As I said before, her approval ratings have been climbing since she was elected to office.

  23. eloyman22 Jumping Jacks Drac Vermell You said, “When she was voted in, the country’s views had not change toward cannabis as they have today”. She was elected in 2012 with 51% of the vote. Not a lot has changed regarding illegal drugs. You also forgot to include Hassan signed a bill allowing medical marijuana. Isn’t that good for the sick people who’s illnesses might need a different approach to medication.

    You said, “She needs to keep-up with the times and execute the will of NH voters”. She received 51% of the votes for office. she is “executing” the will of the voters. She is on the side of the voters. 

    She needs to keep-up with the times and execute the will of NH voters. 

    The drug user is responsible for ruining families, causing the tax payers millions of dollars to pay for medical expenses.

  24. “My children are grown up enough to know taking illegal drugs and underage drinking is not the right thing to do. I keep an open dialogue with my kids.”
    This is exactly how it will be under de criminalization or legalization. No one is saying underage people should have legal access to pot unless their dr has deemed it appropriate. Parents, like yourself, with a regulated marketplace that prohibits youth consumption and providing youth accurate information on the damage drinking does to young brains have been very effective at reducing underage drinking across the board to the lowest levels in years. Yet it is peferfecy legal for consenting adults to have alcoholic beverages and they are not at risk of arrest unless they do damage to another person or property or get caught driving while drunk. I have faith that parents will be equally effective with marijuana.
    A fireman friend of mine here in Utah told me that he responds to more pharmaceutical and heroin drug overdoses than any other type of call. It is common for him to go into big houses with pictures of temple marriage on the wall and a woman passed out on happy pills. How is the current system of legal lethal drugs killing people who want to take pills for happiness better than a system of people using non lethal herbs to improve their mood and constitution?

  25. All I hear when I watch this video is Wah, Wah, Wah, Wah, Wah, Waaaah!!!! Blah, Blah, Blah, Blah, Blaaaah!!!! The tactic of behaving like a two year old child with shit filled britches does not gain support for your cause. You three look and sound like middle aged crybabies. I agree with some of the things you said but not at all with the manner nor the place you said them at. Best part was at the 6:10 mark when the badass with the handlebar mustache booted your asses off the property. I was hoping that Rich would keep running his mouth because that guy would have sliced some bacon off Rich’s pudgey piglet ass.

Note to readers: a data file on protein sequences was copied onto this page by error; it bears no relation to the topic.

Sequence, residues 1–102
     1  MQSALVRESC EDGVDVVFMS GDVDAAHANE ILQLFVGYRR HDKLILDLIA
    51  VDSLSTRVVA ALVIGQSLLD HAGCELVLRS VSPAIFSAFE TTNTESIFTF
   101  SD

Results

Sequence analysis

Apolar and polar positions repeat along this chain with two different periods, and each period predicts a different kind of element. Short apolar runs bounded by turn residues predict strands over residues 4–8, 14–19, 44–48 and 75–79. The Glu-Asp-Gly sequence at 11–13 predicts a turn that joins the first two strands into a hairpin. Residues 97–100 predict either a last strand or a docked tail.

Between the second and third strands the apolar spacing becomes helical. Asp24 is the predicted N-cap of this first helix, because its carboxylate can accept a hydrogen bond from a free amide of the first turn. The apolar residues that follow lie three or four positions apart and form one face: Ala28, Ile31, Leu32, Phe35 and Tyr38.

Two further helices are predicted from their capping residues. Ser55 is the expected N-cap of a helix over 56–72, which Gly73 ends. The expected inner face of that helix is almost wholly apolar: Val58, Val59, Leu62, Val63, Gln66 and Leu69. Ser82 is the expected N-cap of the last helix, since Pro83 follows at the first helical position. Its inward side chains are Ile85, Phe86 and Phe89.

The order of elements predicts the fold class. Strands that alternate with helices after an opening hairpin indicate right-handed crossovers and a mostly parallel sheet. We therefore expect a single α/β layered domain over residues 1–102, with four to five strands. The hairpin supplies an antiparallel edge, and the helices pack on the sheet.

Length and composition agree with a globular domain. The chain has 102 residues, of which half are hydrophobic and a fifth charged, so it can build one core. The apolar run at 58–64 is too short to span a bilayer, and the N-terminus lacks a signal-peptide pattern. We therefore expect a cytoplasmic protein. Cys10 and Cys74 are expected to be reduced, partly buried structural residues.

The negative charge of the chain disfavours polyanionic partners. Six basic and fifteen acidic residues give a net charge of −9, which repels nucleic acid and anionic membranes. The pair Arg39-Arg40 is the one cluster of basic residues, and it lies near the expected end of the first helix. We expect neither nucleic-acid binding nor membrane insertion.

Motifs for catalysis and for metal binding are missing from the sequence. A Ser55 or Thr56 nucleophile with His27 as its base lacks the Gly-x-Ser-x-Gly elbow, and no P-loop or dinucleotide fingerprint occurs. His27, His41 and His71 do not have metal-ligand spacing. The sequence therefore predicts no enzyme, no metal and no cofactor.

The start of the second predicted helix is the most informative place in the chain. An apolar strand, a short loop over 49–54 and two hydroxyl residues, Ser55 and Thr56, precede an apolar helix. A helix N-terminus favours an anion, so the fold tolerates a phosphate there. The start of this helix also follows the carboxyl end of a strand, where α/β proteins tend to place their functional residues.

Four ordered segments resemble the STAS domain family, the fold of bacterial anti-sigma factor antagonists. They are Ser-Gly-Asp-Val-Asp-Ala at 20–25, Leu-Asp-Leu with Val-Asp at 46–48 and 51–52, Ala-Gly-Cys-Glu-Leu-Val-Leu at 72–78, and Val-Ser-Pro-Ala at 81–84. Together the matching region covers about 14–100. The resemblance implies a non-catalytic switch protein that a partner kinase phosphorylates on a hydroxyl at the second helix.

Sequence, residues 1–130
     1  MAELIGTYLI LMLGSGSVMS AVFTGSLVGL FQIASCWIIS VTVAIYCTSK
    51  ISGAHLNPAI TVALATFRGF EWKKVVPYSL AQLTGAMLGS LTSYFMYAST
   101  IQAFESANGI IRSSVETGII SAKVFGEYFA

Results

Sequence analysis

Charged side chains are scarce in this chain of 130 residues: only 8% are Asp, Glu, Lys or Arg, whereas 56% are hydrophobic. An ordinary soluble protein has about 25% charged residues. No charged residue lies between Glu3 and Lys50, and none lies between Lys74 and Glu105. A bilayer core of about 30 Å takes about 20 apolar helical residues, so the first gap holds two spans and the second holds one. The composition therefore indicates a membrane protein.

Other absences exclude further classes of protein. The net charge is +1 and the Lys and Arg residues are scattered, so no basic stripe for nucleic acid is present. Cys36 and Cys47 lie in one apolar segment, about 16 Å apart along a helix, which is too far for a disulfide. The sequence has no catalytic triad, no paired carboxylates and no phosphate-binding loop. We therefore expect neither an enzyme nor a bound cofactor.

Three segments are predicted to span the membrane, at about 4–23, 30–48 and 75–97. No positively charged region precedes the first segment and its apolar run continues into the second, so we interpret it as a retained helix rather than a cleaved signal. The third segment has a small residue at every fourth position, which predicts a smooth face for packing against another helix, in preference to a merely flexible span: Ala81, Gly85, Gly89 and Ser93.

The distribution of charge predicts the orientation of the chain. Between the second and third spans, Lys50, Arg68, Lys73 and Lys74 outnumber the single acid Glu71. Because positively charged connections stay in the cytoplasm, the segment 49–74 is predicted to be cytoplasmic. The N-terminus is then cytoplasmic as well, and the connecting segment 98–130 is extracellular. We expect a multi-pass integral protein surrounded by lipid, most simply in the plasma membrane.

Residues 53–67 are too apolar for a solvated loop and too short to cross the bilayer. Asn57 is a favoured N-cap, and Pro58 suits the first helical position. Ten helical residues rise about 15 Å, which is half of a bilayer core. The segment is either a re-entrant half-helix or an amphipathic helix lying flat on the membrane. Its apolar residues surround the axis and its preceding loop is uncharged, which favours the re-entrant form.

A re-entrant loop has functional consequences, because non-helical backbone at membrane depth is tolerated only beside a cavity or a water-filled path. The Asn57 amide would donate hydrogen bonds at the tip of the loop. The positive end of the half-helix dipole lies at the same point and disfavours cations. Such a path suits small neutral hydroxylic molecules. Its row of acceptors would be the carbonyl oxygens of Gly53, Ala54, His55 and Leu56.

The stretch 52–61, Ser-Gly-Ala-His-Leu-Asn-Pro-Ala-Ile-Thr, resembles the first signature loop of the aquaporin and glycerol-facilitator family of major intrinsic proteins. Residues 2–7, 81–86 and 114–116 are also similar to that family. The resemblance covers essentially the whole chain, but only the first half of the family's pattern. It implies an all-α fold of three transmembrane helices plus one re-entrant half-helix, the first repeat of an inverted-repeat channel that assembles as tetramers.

26. Jumping Jacks Drac Vermell  Pride? Isn’t that one of the deadly sins? Hmm. I think it is. But you misunderstand what’s guiding me here. I’m not trying to make a case with you. That would be a waste of time. You already know what’s best for others. You’ve expressed that sentiment in your posts many times. Polls and approval ratings are your only guide as to what’s right and what’s wrong. How could I convince such a loyal and obedient citizen like yourself that the facts say otherwise? I’m simply refuting your positions on this matter. I don’t do this for you, I do this for any others who may be reading.

    As for your assertion that non-voters have no reason to complain? That is a ridiculous notion on its face. Frankly, those that do NOT vote are the ONLY people who have the right to complain. That’s because those that do vote endorse and/or elect politicians. Then the elected politicians reward their minions with bureaucratic appointments who will then engage in activities (under the color of law of course) that would be punished if you or I did them. Those who voted for people who lose elections may not be responsible for the crimes of state agents to the same degree, but participating in this system helps to create the appearance of legitimacy for actions which are inherently illegitimate.

    More to the point, the election process helps to impose rulers upon the rest (including those that don’t want them), and that process gives the appearance of legitimacy to institutions that deserve none.

    My opinion of the usefulness of the democratic process probably wouldn’t be as jaded if the state was content with using it only for those things for which it is constitutionally approved. But that’s immaterial. The state and its advocates (like yourself) are not. You want to utilize the process of democracy to decide everything under the sun. There’s absolutely no limit to the number of contests you wish to hold.

    Here’s a summary of the process you’re proud to be a part of.

    Your role is to elect a representative. For this, a popularity contest must be held. If your choice wins this contest, you get represented. But if your choice loses, you do not. In these contests, there is always a loser, so there’s always people who won’t get represented.

    After the popularity contest, the winners hold even more contests to decide how much of our own productivity they get to steal from us as well as which personal choices they must make or limit for us. Examples can (and do) include what foods we get to eat, what drugs we may take, what kind of insurance we must buy, and even how much we must pay our employees. I could spend an entire day listing these things. The CFR itself is almost 160,000 pages long, and those are just the FEDERAL regulations. It’s that extensive. And while New Hampshire’s list of statues is nowhere near as extensive as the federal government’s, it’s still growing.